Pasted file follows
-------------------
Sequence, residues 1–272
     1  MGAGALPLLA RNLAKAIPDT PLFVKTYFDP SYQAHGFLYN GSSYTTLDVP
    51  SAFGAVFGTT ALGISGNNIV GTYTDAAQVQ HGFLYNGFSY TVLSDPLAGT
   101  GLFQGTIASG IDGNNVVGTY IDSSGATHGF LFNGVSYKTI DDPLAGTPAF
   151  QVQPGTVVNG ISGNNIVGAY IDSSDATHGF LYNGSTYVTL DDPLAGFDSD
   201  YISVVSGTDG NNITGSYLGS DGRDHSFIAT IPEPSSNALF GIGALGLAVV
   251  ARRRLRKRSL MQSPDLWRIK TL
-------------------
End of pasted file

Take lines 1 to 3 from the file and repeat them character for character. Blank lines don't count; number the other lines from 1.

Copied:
Sequence, residues 1–272
     1  MGAGALPLLA RNLAKAIPDT PLFVKTYFDP SYQAHGFLYN GSSYTTLDVP
    51  SAFGAVFGTT ALGISGNNIV GTYTDAAQVQ HGFLYNGFSY TVLSDPLAGT